BOOKMARK In “The Enigma That is Pakistan”, journalist Shivendra Kumar Singh talks about finding a home away from home
In 2004, Shivendra Kumar Singh, a journalist with ABP News, travelled to Pakistan to cover the Indian cricket team’s tour of Pakistan. This was a historic occasion; the icy relationship between the two countries had thawed, and the ripples, like always, were felt in cricket. Unsurprisingly, the series was dubbed “Friendship Series”. Although visiting the country for the first time, Singh, then with Zee News, felt a connection with it, which grew deeper with time and more visits.
His book, “The Enigma That is Pakistan”, a translation from the Hindi, shares his experiences of the country. He compares his role as an author to that of a third umpire. “Some voices thought it to be a failed State, others said that in spite of its challenges, it is a functional State. It is midst (sic.) such perceptions that I had to take my own stand on Pakistan,” he says.
“We have a negative image of Pakistan. But it’s not like that. The people there are nice. Between the Pakistan we know, and the Pakistan I have seen, there is a difference. The Pakistan we have seen makes headlines for all the wrong reasons. This is the enigma of Pakistan,” he adds.
Although it was the sport that gave the book an opportunity to exist, Shivendra uses it as an excuse to look into ordinary lives. At every step of his journey, he finds someone willing to help him out. At a golf club in Lahore, for instance, Raza Khan offers Singh and a fellow journalist aalu tikki and chane, and doesn’t ask for anything in return, except an invitation to India,.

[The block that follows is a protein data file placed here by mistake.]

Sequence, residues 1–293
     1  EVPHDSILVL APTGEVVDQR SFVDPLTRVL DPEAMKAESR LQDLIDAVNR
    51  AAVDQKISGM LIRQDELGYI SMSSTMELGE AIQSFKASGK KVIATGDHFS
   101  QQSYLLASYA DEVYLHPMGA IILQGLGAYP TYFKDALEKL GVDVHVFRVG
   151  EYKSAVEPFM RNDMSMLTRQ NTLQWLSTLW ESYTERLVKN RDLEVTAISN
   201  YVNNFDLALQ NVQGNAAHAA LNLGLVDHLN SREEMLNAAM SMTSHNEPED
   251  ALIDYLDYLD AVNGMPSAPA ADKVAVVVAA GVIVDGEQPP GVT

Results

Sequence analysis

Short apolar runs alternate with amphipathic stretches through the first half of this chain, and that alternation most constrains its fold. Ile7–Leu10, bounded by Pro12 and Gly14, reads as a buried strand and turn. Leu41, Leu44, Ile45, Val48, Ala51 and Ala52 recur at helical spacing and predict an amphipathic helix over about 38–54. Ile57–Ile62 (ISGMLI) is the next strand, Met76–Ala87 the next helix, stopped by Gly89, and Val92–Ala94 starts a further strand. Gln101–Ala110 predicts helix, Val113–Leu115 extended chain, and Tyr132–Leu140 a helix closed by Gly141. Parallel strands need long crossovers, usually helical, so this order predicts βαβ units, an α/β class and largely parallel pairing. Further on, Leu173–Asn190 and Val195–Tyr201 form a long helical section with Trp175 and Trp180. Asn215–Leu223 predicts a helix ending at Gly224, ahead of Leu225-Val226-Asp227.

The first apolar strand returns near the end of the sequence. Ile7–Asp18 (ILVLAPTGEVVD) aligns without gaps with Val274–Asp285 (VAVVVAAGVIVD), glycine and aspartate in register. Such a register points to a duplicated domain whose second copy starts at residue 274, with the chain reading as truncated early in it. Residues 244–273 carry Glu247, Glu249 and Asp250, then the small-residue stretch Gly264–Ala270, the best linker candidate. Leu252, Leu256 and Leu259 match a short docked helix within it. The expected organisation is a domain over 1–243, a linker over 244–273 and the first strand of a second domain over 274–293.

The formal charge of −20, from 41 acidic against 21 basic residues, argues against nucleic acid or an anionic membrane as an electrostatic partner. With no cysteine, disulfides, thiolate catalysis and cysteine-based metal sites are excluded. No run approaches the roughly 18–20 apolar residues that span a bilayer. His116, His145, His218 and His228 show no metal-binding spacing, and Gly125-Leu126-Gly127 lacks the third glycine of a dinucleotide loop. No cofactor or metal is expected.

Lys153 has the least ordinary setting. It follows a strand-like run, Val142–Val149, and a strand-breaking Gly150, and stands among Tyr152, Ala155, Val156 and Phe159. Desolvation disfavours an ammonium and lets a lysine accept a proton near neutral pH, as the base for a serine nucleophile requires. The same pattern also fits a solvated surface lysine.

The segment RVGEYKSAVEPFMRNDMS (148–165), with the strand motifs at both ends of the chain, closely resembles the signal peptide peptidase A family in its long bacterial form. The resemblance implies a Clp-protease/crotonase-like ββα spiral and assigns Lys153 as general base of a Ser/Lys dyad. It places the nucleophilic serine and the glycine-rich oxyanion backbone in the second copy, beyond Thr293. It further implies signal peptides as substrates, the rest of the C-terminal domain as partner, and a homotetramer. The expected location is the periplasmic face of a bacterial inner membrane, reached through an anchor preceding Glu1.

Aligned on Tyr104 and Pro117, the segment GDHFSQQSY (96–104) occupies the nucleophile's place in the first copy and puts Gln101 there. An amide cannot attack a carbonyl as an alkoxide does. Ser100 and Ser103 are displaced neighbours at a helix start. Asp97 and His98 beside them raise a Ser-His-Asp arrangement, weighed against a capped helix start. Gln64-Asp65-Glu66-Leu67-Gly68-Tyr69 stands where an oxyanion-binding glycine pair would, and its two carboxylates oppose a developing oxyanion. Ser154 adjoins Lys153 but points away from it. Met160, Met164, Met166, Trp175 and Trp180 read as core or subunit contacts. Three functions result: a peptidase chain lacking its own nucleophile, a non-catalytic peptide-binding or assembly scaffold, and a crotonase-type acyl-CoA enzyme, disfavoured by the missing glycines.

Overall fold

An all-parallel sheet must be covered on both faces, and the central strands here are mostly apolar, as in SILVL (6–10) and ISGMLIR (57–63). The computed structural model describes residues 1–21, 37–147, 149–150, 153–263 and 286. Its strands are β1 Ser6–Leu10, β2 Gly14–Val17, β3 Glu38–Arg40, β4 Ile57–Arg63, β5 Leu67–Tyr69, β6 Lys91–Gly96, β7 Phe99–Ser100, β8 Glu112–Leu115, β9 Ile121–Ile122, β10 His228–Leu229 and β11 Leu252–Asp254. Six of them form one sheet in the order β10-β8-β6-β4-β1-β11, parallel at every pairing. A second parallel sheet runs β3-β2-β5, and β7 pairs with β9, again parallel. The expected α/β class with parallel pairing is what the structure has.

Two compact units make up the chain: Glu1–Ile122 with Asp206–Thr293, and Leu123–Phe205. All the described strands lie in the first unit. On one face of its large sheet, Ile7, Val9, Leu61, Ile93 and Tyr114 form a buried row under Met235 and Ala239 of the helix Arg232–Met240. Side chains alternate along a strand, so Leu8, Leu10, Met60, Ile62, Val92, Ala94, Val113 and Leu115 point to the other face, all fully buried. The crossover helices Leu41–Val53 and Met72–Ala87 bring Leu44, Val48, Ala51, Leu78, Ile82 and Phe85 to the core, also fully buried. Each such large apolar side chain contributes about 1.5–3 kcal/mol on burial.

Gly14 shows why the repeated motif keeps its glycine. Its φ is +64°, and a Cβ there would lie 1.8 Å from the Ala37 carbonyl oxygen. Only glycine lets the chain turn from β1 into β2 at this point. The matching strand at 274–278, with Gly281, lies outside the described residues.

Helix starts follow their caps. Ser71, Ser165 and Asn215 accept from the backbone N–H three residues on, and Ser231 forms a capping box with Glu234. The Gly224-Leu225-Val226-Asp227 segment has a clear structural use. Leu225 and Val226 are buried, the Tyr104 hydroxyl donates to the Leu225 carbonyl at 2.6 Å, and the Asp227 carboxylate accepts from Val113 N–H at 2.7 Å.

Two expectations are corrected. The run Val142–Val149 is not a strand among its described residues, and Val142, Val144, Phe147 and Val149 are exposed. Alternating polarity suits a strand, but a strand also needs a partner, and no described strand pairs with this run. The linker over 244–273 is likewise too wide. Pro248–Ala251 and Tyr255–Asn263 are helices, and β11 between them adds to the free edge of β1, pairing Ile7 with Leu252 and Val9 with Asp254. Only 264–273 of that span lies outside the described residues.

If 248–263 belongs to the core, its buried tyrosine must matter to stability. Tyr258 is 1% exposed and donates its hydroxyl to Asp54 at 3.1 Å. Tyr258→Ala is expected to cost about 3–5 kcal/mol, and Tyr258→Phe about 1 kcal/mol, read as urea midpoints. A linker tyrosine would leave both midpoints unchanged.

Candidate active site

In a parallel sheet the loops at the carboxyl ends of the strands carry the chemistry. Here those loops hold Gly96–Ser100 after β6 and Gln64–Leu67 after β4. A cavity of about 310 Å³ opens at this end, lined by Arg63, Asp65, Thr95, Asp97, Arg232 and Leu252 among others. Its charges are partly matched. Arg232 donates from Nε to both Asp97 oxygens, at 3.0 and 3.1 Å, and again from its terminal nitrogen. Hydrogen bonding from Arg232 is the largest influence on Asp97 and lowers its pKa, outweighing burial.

“I have been to all the cities there, and I have friends in each of them. They are like my extended family, who I call up once every week,” Singh adds.
These friendships are contrasted with stories of Singh’s brush with an impersonal and cold visa regime.
Apart from these, Singh also makes the reader meet Pakistan’s cricket fraternity; cricketers past and present (Salim Malik, Sarfaraz Nawaz, Hanif Mohammad), curators and fans. He also offers a ringside view of what happens during tours; of Virender Sehwag singing a Kishore Kumar song (beautifully, in Singh’s opinion) and of an ‘angry’ Sachin Tendulkar after an infamous declaration, for instance.
The book ends in 2009, when the touring Sri Lankan team was attacked. Pakistan hasn’t hosted any international tournament on its soil since, and Singh hopes the country can turn things around. “I am waiting for the day when cricket will return to Pakistan, when Indian team will tour Pakistan. I will definitely visit Pakistan, and will then probably end up writing one more book.”
I am waiting for the day when cricket returns to Pakistan,
when the Indian
team tours Pakistan